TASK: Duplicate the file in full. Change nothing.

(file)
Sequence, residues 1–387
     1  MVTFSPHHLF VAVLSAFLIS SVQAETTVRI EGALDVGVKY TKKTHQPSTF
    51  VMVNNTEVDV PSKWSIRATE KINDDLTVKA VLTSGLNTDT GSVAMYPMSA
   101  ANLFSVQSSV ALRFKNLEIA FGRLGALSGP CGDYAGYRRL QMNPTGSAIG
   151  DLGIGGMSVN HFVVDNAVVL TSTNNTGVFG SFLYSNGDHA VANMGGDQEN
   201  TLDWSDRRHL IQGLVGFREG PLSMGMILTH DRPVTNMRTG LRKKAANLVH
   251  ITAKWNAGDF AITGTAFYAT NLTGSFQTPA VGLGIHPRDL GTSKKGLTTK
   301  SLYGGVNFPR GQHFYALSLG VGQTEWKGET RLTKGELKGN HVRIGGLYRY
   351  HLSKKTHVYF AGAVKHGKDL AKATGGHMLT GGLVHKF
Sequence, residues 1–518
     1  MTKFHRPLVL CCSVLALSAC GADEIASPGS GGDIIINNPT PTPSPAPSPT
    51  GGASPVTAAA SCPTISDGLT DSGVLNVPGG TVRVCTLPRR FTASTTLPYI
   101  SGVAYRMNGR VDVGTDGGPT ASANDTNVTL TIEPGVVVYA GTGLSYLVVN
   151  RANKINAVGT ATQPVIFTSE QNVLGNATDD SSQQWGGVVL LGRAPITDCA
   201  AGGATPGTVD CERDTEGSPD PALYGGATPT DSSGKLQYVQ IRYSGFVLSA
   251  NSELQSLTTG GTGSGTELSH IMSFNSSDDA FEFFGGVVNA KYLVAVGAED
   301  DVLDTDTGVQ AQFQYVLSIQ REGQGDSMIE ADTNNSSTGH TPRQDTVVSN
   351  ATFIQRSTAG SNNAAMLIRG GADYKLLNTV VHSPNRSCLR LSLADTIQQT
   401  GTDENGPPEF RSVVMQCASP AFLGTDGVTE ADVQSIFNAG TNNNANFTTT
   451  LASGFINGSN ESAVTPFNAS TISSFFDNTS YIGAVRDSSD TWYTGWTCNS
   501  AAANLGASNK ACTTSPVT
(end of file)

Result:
Sequence, residues 1–387
     1  MVTFSPHHLF VAVLSAFLIS SVQAETTVRI EGALDVGVKY TKKTHQPSTF
    51  VMVNNTEVDV PSKWSIRATE KINDDLTVKA VLTSGLNTDT GSVAMYPMSA
   101  ANLFSVQSSV ALRFKNLEIA FGRLGALSGP CGDYAGYRRL QMNPTGSAIG
   151  DLGIGGMSVN HFVVDNAVVL TSTNNTGVFG SFLYSNGDHA VANMGGDQEN
   201  TLDWSDRRHL IQGLVGFREG PLSMGMILTH DRPVTNMRTG LRKKAANLVH
   251  ITAKWNAGDF AITGTAFYAT NLTGSFQTPA VGLGIHPRDL GTSKKGLTTK
   301  SLYGGVNFPR GQHFYALSLG VGQTEWKGET RLTKGELKGN HVRIGGLYRY
   351  HLSKKTHVYF AGAVKHGKDL AKATGGHMLT GGLVHKF
Sequence, residues 1–518
     1  MTKFHRPLVL CCSVLALSAC GADEIASPGS GGDIIINNPT PTPSPAPSPT
    51  GGASPVTAAA SCPTISDGLT DSGVLNVPGG TVRVCTLPRR FTASTTLPYI
   101  SGVAYRMNGR VDVGTDGGPT ASANDTNVTL TIEPGVVVYA GTGLSYLVVN
   151  RANKINAVGT ATQPVIFTSE QNVLGNATDD SSQQWGGVVL LGRAPITDCA
   201  AGGATPGTVD CERDTEGSPD PALYGGATPT DSSGKLQYVQ IRYSGFVLSA
   251  NSELQSLTTG GTGSGTELSH IMSFNSSDDA FEFFGGVVNA KYLVAVGAED
   301  DVLDTDTGVQ AQFQYVLSIQ REGQGDSMIE ADTNNSSTGH TPRQDTVVSN
   351  ATFIQRSTAG SNNAAMLIRG GADYKLLNTV VHSPNRSCLR LSLADTIQQT
   401  GTDENGPPEF RSVVMQCASP AFLGTDGVTE ADVQSIFNAG TNNNANFTTT
   451  LASGFINGSN ESAVTPFNAS TISSFFDNTS YIGAVRDSSD TWYTGWTCNS
   501  AAANLGASNK ACTTSPVT